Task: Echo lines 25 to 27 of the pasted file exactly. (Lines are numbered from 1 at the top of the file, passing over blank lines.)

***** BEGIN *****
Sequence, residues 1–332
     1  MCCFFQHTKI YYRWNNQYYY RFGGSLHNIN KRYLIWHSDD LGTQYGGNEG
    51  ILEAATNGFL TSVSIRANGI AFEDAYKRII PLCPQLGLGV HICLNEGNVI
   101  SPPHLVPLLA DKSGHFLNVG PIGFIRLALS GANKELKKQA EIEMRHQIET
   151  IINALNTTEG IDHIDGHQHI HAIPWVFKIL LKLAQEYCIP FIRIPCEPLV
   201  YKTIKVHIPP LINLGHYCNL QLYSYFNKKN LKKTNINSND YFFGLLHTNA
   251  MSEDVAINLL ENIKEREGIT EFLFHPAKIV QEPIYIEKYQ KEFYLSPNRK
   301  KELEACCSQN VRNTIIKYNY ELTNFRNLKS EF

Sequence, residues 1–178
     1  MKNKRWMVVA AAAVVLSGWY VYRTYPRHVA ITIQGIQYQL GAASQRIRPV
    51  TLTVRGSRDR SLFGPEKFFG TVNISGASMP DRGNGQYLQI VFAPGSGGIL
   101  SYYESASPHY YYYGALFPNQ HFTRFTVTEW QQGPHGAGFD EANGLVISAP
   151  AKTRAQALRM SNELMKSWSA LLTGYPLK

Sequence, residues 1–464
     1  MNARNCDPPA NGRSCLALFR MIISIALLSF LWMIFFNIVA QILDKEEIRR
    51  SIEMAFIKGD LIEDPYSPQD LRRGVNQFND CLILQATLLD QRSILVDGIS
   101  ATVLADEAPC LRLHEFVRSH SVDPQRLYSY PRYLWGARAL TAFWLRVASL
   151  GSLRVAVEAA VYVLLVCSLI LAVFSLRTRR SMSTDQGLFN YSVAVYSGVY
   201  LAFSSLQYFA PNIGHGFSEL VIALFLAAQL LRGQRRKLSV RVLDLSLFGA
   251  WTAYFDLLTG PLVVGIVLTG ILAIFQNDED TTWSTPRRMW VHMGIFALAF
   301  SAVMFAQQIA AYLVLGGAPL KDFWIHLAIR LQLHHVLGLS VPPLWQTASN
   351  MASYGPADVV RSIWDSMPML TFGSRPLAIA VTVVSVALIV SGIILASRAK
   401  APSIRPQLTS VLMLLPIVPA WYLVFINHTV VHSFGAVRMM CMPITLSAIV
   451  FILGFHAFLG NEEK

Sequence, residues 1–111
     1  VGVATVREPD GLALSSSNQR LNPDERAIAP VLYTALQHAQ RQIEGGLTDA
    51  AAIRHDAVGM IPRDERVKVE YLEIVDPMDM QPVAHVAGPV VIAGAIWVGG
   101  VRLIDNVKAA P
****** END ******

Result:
Sequence, residues 1–111
     1  VGVATVREPD GLALSSSNQR LNPDERAIAP VLYTALQHAQ RQIEGGLTDA
    51  AAIRHDAVGM IPRDERVKVE YLEIVDPMDM QPVAHVAGPV VIAGAIWVGG